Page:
This section is from "The Horticulturist, And Journal Of Rural Art And Rural Taste", by P. Barry, A. J. Downing, J. Jay Smith, Peter B. Mead, F. W. Woodward, Henry T. Williams. Also available from Amazon: Horticulturist and Journal of Rural Art and Rural Taste.
"I could not find the vesicles of cellular tissues separable from each other, even in the most succulent species submitted to experiment, and I conclde that this circumstance, to which Professor Morren attaches importance, and to which M. Payen ascribes the difficulty of extracting starch from frozen potatoes, is not so much connected with the destruction of vegetable life, as a result produced upon the tissue by a great intensity of cold. I did, however, find it lacerated in several cases, as if by the distension of the fluid it had contained. In a Stapelia the whole of the cellular tissue was soft, and deformed, as if it had been extended, with but little power of recovering itself again, and several large irregular lacerated cavities were observed. The same appearances were remarked in Euphorbia Ti rucalli, but the laceration of the tissue was much less extensive. In Hibiscus Rosa Sinensis the cells of the cortical integument, (mesopbloeum,) were very much torn, and in Hibiscus milltaris, not only the cells of the bark, but especially those of the pith, were so completely broken up, that it was difficult to obtain a thin slice of those parts for examination. In no case, however, have I found any kind of tissue ruptured, except the soft cellular dodecahedral or prismatical.
It would also seem that M. Payen recognizes the laceration of tissue by frost, for he ascribes the acridity of frozen potatoes to an extravasation of the acrid matter which exists in the epiphlceum of such tubers,- and which, in a natural state, is locked up in the cells of which that part consists. Independently of these observations, it is not to be doubted that frost does split the tissue of plants. I saw the youngest shoots of Erica mediterranea, cinerea, and others, shivered into thousands of pieces in the Horticultural Society's Garden, on the morning of the 20th of January. The branches of the Melaleucas were rent to their points at Carclew. Several cases, among others that of the common holly, were observed at Claremont, where the bark was split and rent asunder from the wood below it; and Sir Oswald Mosley has given me the following instance, which occurred under his own observation. ' An oak tree, growing upon the south side of a hill, in a sheltered situation, in. Knightly Park, near Burton-upon-Trent, in the county of Stafford, was rent in the severe frost of last winter in two different places, to the height of thirteen feet three inches.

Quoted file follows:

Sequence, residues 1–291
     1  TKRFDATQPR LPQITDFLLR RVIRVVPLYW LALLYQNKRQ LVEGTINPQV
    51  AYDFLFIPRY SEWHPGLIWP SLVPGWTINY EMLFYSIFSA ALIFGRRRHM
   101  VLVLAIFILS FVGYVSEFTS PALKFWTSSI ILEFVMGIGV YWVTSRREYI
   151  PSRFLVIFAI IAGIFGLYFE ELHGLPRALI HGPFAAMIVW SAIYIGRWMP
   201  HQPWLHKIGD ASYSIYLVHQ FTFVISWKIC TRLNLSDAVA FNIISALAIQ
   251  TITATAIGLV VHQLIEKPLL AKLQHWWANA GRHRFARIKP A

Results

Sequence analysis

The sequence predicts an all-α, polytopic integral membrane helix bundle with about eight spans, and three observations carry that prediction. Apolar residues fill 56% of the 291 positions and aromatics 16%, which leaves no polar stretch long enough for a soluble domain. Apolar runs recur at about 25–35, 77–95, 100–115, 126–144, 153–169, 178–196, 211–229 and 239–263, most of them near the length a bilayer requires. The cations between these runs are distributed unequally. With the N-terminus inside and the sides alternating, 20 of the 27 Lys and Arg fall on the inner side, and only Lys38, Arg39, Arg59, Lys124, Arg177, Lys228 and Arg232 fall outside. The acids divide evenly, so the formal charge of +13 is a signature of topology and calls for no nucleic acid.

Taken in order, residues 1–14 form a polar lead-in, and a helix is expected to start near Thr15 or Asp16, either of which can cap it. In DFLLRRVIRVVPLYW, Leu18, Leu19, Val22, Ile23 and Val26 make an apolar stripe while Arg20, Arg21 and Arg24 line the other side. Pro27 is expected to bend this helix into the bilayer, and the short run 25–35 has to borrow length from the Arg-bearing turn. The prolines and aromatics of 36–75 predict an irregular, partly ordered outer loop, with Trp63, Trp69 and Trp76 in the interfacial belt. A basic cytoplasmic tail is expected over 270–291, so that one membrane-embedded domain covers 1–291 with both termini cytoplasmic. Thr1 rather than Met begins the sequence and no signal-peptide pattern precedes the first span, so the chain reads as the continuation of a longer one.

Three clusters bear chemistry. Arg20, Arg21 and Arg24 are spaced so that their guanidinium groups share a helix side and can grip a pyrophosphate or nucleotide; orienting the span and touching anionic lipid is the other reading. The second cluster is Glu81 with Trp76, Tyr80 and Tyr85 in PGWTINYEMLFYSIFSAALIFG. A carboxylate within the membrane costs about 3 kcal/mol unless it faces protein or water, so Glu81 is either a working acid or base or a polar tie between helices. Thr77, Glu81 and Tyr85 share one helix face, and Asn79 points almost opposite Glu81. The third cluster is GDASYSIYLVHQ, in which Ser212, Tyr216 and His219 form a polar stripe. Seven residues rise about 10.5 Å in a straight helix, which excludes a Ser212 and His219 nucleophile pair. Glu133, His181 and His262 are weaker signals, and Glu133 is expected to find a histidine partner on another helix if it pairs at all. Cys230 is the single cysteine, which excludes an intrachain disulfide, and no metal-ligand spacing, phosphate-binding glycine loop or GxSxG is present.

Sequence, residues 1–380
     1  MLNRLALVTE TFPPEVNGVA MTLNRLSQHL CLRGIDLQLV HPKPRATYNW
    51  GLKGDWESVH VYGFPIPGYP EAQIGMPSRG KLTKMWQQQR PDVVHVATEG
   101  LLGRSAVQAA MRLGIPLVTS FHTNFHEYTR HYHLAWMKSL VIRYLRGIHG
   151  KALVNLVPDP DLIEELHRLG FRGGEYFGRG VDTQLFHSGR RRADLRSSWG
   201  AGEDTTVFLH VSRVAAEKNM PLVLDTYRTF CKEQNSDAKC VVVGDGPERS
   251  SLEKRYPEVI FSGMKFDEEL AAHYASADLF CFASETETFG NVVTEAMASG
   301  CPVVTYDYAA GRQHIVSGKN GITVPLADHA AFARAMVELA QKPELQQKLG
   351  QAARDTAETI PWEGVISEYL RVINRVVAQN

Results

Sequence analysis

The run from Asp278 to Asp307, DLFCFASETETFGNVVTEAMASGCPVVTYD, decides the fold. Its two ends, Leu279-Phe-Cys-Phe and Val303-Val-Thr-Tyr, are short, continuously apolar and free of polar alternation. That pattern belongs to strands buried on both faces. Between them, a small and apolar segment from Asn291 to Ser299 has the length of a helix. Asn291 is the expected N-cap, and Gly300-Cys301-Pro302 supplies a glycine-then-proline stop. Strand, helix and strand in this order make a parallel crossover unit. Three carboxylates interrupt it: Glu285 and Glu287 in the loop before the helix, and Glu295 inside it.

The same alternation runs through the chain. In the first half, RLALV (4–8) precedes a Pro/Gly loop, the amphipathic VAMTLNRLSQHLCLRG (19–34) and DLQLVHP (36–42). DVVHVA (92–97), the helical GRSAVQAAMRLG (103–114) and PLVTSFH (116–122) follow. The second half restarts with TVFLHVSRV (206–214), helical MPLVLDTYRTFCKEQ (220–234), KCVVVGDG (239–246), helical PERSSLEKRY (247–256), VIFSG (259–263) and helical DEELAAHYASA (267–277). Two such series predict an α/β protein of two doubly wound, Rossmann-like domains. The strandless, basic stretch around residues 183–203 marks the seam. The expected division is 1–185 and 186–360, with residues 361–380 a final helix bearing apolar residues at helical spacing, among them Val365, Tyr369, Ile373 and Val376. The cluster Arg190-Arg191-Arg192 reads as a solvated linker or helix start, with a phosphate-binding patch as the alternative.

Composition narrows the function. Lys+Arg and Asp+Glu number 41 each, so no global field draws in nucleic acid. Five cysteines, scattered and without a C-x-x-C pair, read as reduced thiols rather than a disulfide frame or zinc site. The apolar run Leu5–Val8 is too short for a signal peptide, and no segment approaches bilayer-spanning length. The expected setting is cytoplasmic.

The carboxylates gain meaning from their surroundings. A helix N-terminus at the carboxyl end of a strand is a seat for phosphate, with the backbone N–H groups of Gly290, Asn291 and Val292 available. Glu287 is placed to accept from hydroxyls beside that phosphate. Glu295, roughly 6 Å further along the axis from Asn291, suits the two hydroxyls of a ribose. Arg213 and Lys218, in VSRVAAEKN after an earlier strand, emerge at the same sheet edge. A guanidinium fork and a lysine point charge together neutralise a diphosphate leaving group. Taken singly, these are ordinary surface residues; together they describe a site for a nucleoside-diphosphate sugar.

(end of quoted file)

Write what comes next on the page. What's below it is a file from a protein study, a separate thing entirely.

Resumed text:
There was an interval of eleven inches between the two shakes, whieh were each of them one-quarter of an inch wide, and extended in depth to the heart of the tree. The girth of the tree is six feet ten inches, and as soon as the frost went the openings closed again, and the tree is now as flourishing as ever.' To these cases many more might be added.
"The organization of woody tissue appears to be affected, but not by laceration. If a frozen and unfrozen transverse slice of the stem of Hibiscus Rosa Sinensis be placed, side by side, upon the field of the microscope, it is obvious that the diameter of the tubes of the wood and liber, is considerably less in the former than in the latter; this appears to be owing to an increase in the thickness of the sides of the tubes, which has the effect of diminishing their calibre.